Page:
WASHINGTON—Nine international automakers have formed the Alliance of Automobile Manufacturers (AAM), the successor organization to the American Automobile Manufacturers Association (AAMA). Members include the three former members of the AAMA—General Motors Corp., Ford Motor Co. and the former Chrysler Corp., which recently merged with Daimler Benz to become DaimlerChrysler AG.
That merger rang the death knell for the AAMA, itself the successor to the Motor Vehicle Manufacturers Association. Detroit's Big Three automakers formed the AAMA as a bulwark of U.S.-nameplate companies, but its purpose was canceled out with the Chrysler merger.
Nevertheless, it was not so much global mergers as issues of mutual global interest—such as standards harmonization—which motivated automakers to form the AAM, said Peter Pestillo, the new group's chairman.
``The formation of this group recognizes the huge amount of change we're seeing in the industry,'' Mr. Pestillo said at a recent press conference announcing the AAM's founding. ``Our hope—and our goal—is to work together on public policy matters of common interest to develop constructive approaches and to work with government and other stakeholders to find sensible, effective and economically viable solutions.''
Mr. Pestillo, vice chairman of Ford, formerly served as vice president-corporate and employee relations for B.F. Goodrich Co. in the days when BFG still made tires.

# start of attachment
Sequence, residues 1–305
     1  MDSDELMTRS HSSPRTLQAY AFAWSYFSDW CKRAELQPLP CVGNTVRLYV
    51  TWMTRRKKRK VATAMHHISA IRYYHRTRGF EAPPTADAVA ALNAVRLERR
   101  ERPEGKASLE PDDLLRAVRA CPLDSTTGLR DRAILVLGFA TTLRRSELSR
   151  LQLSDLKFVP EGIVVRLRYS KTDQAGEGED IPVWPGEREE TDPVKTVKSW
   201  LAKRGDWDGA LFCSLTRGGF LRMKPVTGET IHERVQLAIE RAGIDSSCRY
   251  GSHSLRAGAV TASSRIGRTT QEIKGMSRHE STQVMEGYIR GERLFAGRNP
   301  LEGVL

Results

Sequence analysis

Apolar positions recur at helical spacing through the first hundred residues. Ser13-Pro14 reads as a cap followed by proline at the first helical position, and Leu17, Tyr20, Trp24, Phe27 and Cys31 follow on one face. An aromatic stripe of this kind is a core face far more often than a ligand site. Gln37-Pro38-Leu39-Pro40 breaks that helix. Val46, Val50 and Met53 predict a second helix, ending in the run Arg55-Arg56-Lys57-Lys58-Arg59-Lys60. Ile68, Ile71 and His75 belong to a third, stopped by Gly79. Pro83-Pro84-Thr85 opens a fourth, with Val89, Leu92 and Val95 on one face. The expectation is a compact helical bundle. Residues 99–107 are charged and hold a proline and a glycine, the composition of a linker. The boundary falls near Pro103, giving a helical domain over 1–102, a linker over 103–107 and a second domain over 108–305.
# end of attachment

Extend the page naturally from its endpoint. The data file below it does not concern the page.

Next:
While there are no plans to offer AAM membership to any companies except automakers, Mr. Pestillo said the organization will consult tire makers and other auto industry suppliers on standards harmonization and other important issues.
Besides the Big Three, AAM members include BMW, Mazda, Nissan, Toyota, Volkswagen and Volvo. All of these companies will continue their membership in the Association of International Automobile Manufacturers.
Donald B. Shea, president of the Rubber Manufacturers Association, congratulated the automakers on forming the AAM.
``With global harmonization a major initiative in the tire and rubber industry as well as the automotive industry today, the launching of a specialized group such as the Alliance of Automobile Manufacturers makes good sense and will no doubt help advance the issues unique to that industry,'' Mr. Shea said in a prepared statement.
Mr. Pestillo said the AAM plans to fund independent scientific and technological research to help its decision-making, but gave no further details.